Things are warming up in Beirut. Nothing has exploded recently, but car bombs seem to be getting dismantled on a rather frequent base. The pressure is building up. And the overall well-being of people is not ‘well’. And so this is a post about the things we deal with on a daily basis.
Beirut Air traffic controllers were on strike today. They demand higher pay. Women’s Rights groups also protested; they believe that the domestic violence law does not really protect women from domestic violence. And this AFTER the homicide of a number of women ( Fatima al Nashar, Roula Yaacoub, Manal Assi , Roukaya Mounzer and Christelle Abou Chhakra) who were killed by their husbands. In some cases, mothers in laws were involved in the beatings as well. It can’t get more twisted then that.
And they say that tomorrow is a general strike. The unions and electricity workers are demanding a pay hike. Of course, I am working in the only company in town that is never ever on strike.
Nothing has exploded recently, but because we (as in, collectively) feel that with tension running this high, things cannot hold much longer.
Because we know that moments like these are precious, my SIL and I went hiking way up in the mountains above Beirut with our kids (rephrase that: ‘with the kids that still will go out with us’) .
There was some mud involved.
The mountains above Beirut are teeming with man-made hill reservoirs. Apparently Lebanon has some 4,000 mountain springs that each discharge more than 10 liters a second. These reservoirs collect water from the springs and from melting snow. I am not sure if that is still the case after a rather dry winter, but here in the hills it was wetter than wet.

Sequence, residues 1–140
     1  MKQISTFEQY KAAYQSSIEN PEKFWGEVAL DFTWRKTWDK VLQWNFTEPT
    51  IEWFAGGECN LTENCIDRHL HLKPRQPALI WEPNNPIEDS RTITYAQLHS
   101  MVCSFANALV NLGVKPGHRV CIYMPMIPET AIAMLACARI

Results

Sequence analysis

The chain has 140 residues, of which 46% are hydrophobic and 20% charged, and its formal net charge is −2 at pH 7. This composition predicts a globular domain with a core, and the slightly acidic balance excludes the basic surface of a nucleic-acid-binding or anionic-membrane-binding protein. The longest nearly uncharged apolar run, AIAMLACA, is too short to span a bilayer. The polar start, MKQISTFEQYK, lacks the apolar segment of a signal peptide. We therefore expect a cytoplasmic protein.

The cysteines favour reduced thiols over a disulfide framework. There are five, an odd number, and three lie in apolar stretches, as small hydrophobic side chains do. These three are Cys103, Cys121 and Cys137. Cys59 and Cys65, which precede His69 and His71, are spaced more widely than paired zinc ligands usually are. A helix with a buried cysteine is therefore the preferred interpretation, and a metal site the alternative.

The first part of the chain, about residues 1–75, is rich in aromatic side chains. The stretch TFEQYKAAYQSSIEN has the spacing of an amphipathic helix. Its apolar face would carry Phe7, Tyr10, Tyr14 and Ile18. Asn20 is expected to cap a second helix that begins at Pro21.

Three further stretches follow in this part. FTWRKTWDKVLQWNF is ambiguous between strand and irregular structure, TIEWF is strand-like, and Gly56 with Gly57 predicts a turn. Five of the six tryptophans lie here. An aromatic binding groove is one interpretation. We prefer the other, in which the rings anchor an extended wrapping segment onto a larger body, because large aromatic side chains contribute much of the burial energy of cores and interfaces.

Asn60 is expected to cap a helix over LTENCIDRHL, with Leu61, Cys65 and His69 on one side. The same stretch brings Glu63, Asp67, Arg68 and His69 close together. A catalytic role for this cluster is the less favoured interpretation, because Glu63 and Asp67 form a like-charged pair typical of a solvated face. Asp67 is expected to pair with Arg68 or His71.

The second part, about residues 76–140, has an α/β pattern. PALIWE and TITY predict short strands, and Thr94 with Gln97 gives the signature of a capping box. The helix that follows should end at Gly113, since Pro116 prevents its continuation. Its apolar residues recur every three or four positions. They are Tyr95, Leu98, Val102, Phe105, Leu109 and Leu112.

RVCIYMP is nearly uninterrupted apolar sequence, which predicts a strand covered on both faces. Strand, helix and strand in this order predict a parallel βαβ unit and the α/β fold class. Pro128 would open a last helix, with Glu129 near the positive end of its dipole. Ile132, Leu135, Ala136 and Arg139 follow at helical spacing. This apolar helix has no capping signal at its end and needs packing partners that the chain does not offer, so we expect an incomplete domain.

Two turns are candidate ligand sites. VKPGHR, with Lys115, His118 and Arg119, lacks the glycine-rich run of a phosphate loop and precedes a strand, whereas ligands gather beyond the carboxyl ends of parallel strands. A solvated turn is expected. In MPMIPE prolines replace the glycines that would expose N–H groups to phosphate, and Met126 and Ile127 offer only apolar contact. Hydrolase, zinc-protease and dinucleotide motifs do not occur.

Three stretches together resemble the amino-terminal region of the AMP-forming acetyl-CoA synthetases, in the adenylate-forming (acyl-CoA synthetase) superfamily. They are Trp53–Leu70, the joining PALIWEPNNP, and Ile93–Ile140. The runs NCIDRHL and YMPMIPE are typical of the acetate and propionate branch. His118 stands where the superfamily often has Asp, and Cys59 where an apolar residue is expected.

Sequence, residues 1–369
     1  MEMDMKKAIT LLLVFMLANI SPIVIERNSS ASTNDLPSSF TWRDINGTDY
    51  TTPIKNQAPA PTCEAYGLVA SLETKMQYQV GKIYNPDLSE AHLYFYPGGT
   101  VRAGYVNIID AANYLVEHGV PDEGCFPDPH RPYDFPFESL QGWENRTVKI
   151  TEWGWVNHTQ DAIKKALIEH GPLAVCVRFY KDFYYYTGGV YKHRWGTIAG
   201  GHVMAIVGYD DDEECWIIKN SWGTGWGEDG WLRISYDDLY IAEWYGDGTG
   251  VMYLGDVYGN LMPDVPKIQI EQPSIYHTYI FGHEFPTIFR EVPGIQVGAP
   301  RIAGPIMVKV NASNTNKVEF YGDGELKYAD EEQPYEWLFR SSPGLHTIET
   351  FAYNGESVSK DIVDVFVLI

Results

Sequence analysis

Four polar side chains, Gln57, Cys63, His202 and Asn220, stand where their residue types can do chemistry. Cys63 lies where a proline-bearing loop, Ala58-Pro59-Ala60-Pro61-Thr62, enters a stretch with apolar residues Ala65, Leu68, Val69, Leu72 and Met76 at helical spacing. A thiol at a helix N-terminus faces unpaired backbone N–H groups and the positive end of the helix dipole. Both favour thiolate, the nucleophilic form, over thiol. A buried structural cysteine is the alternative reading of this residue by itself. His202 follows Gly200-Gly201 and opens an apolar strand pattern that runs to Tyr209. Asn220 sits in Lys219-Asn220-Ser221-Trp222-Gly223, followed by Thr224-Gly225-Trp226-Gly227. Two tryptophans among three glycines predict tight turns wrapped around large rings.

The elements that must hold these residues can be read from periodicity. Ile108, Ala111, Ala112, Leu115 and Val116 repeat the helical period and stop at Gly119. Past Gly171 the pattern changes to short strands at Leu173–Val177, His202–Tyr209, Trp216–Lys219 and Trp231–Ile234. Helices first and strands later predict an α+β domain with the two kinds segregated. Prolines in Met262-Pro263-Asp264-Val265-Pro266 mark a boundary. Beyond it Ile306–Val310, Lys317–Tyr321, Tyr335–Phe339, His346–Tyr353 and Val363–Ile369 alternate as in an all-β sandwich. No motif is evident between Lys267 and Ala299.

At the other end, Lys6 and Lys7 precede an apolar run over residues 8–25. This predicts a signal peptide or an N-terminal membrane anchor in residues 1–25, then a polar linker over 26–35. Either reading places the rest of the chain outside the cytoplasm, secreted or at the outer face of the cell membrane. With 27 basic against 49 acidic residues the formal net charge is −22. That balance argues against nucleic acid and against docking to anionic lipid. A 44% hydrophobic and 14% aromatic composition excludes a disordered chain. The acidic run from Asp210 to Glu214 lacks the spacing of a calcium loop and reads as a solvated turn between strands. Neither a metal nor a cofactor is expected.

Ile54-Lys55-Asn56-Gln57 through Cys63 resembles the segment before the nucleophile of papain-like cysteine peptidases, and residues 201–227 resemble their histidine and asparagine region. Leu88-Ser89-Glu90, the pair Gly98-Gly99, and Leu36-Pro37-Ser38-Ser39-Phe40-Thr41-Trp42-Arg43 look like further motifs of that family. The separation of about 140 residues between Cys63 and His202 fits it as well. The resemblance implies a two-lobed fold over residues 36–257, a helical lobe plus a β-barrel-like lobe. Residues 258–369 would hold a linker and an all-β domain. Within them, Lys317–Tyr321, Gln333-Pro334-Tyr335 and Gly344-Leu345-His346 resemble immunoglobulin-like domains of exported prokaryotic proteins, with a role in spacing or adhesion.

Hill reservoirs help farmers and local communities store water for the summer season, when water is scarce. It is not used for drinking water, but for irrigation and farms. These reservoirs typically hold no more than 50,000 m3. Apparently the construction of these reservoirs started somewhere in the 1960’s, but further development has been slow, even though they’re easy to build, easy to maintain, and cheap. ‘Despite the favorable topographic and climatic conditions, and the need for water, Lebanon did not significantly expand its efforts in the construction of hill reservoirs, due primarily to the circumstances in which the country has found itself over the past 17 years. ‘ Well, what else is new. (source)
We ran into an old shepherd’s shelter. In the old days, shepherds would move with their flock for an entire season into the mountains, and they had shelters such as these where they slept. And from the looks of it, the flock as well. Most of them have been replaced by concrete shelters now, but this one was still in a relatively decent condition.
We were admonishing (halfheartedly) the kids not to get too muddy. To avoid puddles. Not to romp through mud. Not to get wet. Not to make their clothes dirty. Not to this and not to that.
And then my SIL stepped with her brand new shoes into mud. It sucked at her shoe, and then it was either she in the mud, or the shoe left in the mud. She chose for the shoe. (“My new shoe. This is my new shoe,” she moaned.)
Many people stay home over the weekend. I do not understand how they do it. If you do not unwind over the weekend, how can you endure the tension in this town over the week?
Let's see what this week brings.